Brooklyn Center’s City Council plans to renew a hospitality license for the city’s Radisson Hotel despite the hotel’s code violations and late license renewal request, the council decided at its Oct. 12 meeting.
According to city staff members, the hotel violated several code stipulations. Foremost, the hotel has been operating as a homeless shelter during the COVID-19 pandemic under a contract with the state, a use not allowed for hotels in the city’s zoning laws, and operated without a valid hospitality license for approximately four months.
Additionally, the hotel’s previously unpaid lodging taxes and utility charges, and a significant increase in calls for police service at the hotel were all listed as potential reasons to not renew the hotel’s license in a letter sent to the hotel manager Sept. 25.
“I think the real facts to remain focused upon is that the hotel’s business model is not a homeless shelter. They are not designed, not structured to be a homeless shelter. They’ve stepped up in theses extraordinary times to fill a need, while at the same time, their regular business has declined precipitously,” said Councilmember Dan Ryan.
“I think we we’ve all recognized that the hotel has made a good-faith effort to address a number of these issues and that we have to get to a point where we can get compliance to our ordinances, at the same time without penalizing a good-faith effort on the part of the hotel.”
Given the nature of the pandemic and the financial impact it has brought with it, the council expressed a willingness to renew the license with a list of conditions recommended by the city’s staff.
Part of a trend
In an effort to reduce the danger of large COVID-19 outbreaks in crowded homeless shelters, the state has turned to hotels to provide respite to families and individuals experiencing homelessness, particularly those with underlying health conditions. Through a third-party administrator, the Radisson has contracted to use some of its rooms to shelter the homeless.
At its most occupied, the hotel served 82 clients in 67 rooms. The hotel has a total of 174 rooms. At the time of the public hearing for the license, there were 35 rooms occupied in the hotel through the state contract. Stays typically ranged from a week to two months. A third-party service provider offers services to the clients during their stay.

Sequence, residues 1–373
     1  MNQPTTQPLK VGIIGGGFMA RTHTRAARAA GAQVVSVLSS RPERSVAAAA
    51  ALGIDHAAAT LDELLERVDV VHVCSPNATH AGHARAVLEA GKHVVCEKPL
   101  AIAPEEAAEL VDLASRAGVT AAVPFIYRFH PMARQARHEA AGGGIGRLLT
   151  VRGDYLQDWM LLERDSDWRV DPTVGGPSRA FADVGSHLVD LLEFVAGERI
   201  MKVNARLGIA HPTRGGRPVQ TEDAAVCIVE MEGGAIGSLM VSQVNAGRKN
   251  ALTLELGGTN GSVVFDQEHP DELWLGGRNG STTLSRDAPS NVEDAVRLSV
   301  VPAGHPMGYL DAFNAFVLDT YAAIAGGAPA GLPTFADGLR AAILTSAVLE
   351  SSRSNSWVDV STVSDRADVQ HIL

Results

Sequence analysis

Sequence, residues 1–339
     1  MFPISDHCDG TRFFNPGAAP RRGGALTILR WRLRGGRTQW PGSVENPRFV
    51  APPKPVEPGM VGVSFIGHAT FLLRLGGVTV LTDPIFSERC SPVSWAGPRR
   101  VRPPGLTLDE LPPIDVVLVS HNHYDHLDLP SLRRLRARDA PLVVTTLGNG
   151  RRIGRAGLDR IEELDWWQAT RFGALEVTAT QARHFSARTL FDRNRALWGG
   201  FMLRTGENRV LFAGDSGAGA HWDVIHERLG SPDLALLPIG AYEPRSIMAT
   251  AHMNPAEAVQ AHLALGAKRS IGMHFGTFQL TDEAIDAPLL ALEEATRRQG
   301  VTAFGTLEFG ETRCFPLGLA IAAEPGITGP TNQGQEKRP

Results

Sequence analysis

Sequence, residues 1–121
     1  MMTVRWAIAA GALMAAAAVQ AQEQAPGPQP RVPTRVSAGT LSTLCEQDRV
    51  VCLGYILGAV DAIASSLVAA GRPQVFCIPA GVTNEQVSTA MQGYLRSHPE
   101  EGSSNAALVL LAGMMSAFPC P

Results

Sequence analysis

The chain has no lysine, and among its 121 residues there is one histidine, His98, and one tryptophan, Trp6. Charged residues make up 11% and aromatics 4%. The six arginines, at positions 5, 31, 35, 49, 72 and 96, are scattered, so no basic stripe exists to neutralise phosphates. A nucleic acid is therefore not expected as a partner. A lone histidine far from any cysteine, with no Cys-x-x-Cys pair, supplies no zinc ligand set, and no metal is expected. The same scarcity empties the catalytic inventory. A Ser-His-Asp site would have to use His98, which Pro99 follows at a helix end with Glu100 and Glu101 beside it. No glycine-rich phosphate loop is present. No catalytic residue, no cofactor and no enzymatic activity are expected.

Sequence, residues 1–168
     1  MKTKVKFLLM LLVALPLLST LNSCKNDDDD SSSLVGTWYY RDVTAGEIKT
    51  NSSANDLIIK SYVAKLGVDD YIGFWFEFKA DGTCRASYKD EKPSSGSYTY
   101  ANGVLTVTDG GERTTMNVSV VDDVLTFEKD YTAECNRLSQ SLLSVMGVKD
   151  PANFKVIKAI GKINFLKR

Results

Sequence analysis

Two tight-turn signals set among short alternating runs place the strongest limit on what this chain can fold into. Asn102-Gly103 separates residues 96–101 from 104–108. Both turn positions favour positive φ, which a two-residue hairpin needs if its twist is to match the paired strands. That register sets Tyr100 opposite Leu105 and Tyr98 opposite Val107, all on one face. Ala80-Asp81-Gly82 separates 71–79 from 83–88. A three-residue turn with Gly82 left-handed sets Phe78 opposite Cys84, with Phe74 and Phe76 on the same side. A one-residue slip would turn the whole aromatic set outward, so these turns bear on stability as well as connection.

The hotel’s hospitality license expired April 30, and the management applied for a renewal Sept. 1. Thus, the hotel operated for several months without a valid license.
While the state contract has helped to keep the hotel afloat and avoid layoffs, the business is still losing money, the owner said.
The hotel’s owner said that as a new operator in the area, management was unaware that it needed to renew the license. The hotel renewed its liquor license with the city, but was not notified that it would need to update its hospitality license, he said.
The hotel also had unpaid lodging taxes and an outstanding balance of $50,049 in utility charges owed to the city. Both of these were paid prior to the public hearing. The owner said a third-party management company had been responsible for the earlier lack of payment.
The hotel is designed for limited stays, and is not physically set up as a long-term homeless shelter, city attorney Troy Gilchrist said. As a result, the hotel is in violation of the city’s zoning ordinances. However, the council has sought regulatory flexibility in other areas related to the pandemic and could do so here as well, he said.
Police calls at the property increased in 2020, particularly in the period between June and August. The police department has responded to 253 calls for service at the property, with 204 of those occurring between June and August. Compared to 2019 calls for service, there was a 716% increase in calls in this three month period.
Police commander Richard Gabler said that calls have come from both the hotel and surrounding properties, and have included crimes such as robbery, assault, domestic assault, auto theft, trespassing and burglary.
City staff recommended that the council either not renew the license, or immediately implement a set of conditions as part of the license.
City staff recommended that no more than 35 guest rooms be used for homeless shelter rooms, and that the homeless shelter use must cease within 60 days of the end of the Governor’s declaration of a peacetime emergency related to the pandemic. But based on the recommendation of Councilmember April Graves, the council decided that 50 units and 90 days to cease operations was more appropriate.
“Mainly I’m just thinking about the staff’s ability and the service provider’s ability and capacity to adequately serve the families that would be there,” Graves said.
Other conditions include more frequent city inspections and meetings with the city, registration and towing of unauthorized vehicles, and notification if the service provider for those experiencing homelessness changes.
Mayor Mike Elliott said he was opposed to adding any conditions to the license beyond regular meetings with city staff. Limiting the total number of guest rooms for the homeless clients felt arbitrary, and puts the hotel in a difficult spot if the pandemic worsens and more rooms are needed, he said.
“The need is really great – it fluctuates, and I think we’re focusing on the wrong thing by limiting the number of units,” he said.
City manger Curt Boganey said the conditions were not arbitrary, and were based on city’s staff capacity and their ability to implement the city’s health and safety goals for the hotel. “We do not have unlimited staff to provide the services that are needed,” he said.
Councilmembers Kris Lawrence-Anderson, Marquita Butler, and Ryan spoke in favor of renewing the license with conditions.
“I think that’s the prudent thing to do right now due to the pandemic,” Lawrence-Anderson said.
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